Livin' on the MDedge

The Vampire Study, pathogenic puppies, and carbonated cannabis


What the duck?

Turns out it’s flu shot season for our feathered friends, too. After the bird flu pandemics that began in 2013, Chinese health officials worked hard to vaccinate their chickens and quell the spread of the disease. However, the ducks have outsmarted them: Two new genetic variations of the H7N9 and H7N2 flu subtypes have been found in unvaccinated ducks. / Niels Timmer

China consumes about 3 billion ducks per year, so officials are working rapidly to eliminate the virus. At press time, there was no word on whether the virus had affected any beloved rubber duckies, but we advise you to use caution when approaching bath time.


Cannabis is the world’s favorite illicit drug. And Coca-Cola makes the world’s favorite cola. Now there’s news of potential nuptials uniting these two global giants. BNN Bloomberg reports that Coke is talking tie-up with Canada’s Aurora Cannabis in a union that could give birth to cannabis-infused “wellness beverages.” / J-rod J

The fizzy federation would feature products containing cannabidiol, or CBD. Unlike its wilder psychoactive sibling tetrahydrocannabinol, or THC, the more sober-minded CBD is a nonpsychoactive cannabis compound credited with antidepressant, anxiolytic, and anti-inflammatory powers.

And what of Coca-Cola’s mortal cola enemy, Pepsi? Will the Choice of a New Generation let the Real Thing Bogart all the possible market opportunities? Sure, you could soon have a CBD Coke and a smile. But smiles are free. Frito-Lay’s parent, PepsiCo, could offer consumers a doubly profitable, Jeff Spicoli–approved pairing: carbonated cannabinoids and Cheetos.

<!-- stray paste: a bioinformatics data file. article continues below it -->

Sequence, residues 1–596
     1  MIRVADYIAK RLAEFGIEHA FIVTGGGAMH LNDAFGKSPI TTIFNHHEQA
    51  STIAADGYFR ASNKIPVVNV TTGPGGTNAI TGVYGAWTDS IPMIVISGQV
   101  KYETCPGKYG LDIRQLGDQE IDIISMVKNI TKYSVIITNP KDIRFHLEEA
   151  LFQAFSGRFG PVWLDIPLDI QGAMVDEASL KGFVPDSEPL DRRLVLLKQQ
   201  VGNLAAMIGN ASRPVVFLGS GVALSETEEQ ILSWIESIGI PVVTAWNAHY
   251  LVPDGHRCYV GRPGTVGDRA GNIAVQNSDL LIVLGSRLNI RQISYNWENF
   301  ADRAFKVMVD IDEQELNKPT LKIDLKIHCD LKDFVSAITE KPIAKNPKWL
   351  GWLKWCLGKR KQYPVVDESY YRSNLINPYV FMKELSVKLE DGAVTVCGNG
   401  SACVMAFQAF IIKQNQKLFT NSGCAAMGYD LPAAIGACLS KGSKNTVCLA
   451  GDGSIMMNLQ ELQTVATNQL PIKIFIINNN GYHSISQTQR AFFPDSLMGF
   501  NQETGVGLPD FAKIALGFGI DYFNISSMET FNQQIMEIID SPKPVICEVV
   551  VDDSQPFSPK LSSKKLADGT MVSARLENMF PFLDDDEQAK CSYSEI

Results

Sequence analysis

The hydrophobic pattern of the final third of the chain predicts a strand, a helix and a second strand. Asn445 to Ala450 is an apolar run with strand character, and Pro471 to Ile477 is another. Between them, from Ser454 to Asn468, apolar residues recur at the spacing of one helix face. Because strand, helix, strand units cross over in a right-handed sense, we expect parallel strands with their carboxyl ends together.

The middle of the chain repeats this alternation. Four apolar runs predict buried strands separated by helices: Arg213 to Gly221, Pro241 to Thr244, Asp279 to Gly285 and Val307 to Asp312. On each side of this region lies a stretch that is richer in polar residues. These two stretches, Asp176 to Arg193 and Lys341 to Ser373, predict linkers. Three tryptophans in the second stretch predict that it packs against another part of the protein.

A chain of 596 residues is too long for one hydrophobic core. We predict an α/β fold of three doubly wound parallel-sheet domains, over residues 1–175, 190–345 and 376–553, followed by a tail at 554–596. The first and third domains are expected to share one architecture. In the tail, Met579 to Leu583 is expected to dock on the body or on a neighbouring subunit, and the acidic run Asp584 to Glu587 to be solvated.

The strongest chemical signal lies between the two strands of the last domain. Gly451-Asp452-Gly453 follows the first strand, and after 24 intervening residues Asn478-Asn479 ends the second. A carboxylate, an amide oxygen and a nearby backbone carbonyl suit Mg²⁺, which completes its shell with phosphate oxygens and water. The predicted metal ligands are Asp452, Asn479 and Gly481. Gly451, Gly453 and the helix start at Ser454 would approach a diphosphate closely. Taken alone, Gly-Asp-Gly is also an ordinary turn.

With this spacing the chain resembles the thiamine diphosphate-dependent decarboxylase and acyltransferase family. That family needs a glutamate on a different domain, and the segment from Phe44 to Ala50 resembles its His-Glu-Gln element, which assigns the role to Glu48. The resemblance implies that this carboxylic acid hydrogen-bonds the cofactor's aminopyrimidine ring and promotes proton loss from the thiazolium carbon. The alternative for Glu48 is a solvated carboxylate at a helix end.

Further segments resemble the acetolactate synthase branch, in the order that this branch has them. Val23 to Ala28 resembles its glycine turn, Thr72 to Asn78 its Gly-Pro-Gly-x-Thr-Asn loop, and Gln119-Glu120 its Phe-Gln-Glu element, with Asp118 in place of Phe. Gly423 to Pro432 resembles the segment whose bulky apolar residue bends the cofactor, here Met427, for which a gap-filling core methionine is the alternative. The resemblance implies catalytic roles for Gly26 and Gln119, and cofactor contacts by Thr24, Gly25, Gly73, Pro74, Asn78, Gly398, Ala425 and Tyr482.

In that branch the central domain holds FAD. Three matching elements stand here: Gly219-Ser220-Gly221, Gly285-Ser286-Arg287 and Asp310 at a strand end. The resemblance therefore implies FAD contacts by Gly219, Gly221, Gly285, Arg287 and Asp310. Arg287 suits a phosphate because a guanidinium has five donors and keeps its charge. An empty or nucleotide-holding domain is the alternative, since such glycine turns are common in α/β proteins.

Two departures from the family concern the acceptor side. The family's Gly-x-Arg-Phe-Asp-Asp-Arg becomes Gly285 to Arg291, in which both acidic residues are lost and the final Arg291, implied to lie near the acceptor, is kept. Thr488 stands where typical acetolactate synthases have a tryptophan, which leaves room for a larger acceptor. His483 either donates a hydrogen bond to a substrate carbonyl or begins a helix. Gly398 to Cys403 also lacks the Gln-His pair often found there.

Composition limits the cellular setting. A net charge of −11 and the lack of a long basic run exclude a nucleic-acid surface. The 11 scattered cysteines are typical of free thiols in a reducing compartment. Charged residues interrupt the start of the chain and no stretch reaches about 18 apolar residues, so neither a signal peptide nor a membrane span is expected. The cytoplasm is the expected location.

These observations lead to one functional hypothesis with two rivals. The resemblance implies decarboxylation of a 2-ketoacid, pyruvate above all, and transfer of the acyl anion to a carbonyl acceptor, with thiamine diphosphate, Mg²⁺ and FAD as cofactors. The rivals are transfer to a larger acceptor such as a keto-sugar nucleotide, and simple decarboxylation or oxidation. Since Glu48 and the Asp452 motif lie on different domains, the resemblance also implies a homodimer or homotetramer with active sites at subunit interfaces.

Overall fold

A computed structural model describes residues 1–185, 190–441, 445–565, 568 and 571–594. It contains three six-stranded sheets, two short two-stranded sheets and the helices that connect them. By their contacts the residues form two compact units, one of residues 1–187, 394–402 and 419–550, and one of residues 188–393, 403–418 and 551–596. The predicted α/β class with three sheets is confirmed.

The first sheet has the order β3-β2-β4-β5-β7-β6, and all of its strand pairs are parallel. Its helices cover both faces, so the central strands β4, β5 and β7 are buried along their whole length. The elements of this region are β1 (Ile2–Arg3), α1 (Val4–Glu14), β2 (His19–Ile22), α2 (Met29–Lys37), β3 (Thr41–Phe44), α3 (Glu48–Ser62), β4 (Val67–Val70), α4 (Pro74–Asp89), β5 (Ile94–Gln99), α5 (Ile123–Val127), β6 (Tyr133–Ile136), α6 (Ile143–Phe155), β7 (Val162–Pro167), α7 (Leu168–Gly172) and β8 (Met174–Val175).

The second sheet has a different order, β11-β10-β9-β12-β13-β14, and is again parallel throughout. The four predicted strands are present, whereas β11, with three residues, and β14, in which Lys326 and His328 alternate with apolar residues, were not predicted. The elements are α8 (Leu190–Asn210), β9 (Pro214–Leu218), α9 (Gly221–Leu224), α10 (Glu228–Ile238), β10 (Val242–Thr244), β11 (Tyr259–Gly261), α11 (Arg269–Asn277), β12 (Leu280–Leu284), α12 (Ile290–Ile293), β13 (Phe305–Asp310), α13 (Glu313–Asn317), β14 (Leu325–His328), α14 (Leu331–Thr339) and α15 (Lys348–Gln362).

I vant to suck MY blood

It’s not Halloween quite yet, but get into the spirit with the recently published and aptly named “Vampire Study.” Performed in Zürich, a team of researchers from the division of gastroenterology at Triemli Hospital convinced participants to ingest their own blood, all in the name of science. / Julia Freeman-Woolpert

Some lucky vamps drank their blood, while others ingested it via nasogastric tube. This isn’t “Saw 17,” though; there was a method to this madness. Researchers were investigating whether the ingestion of blood (as in gastrointestinal bleeding) can result in an increase in fecal calprotectin. Safe to say, though, the ingestion of blood is rarely a good sign – unless your name happens to be Nosferatu.

And they call it Campylobacter love

As any fan of Charles Schulz’s “Peanuts” comic strip can tell you, happiness is a warm puppy. Know what else warm puppies are? Carriers of Campylobacter jejuni. / Boris Benko

Every year in the United States, Campylobacter causes an estimated 1.3 million diarrheal illnesses. A recent multistate investigation revealed that 118 people in 18 states across the nation – including 29 employees of an unnamed national pet store chain based in Ohio – got the puppy-borne bug between early 2016 and early 2018.

And the not-so-cuddly infections were resistant to all the antibiotics commonly used to quell Campylobacter. Why? Turns out, of the 149 puppies investigated by health officials, 55% of them got the drugs prophylactically – an approach that may have fueled the resistance. Stung by the canine controversy, the Daisy Hill Puppy Farm has assured Charlie Brown that it never slipped metronidazole into Snoopy’s water bowl.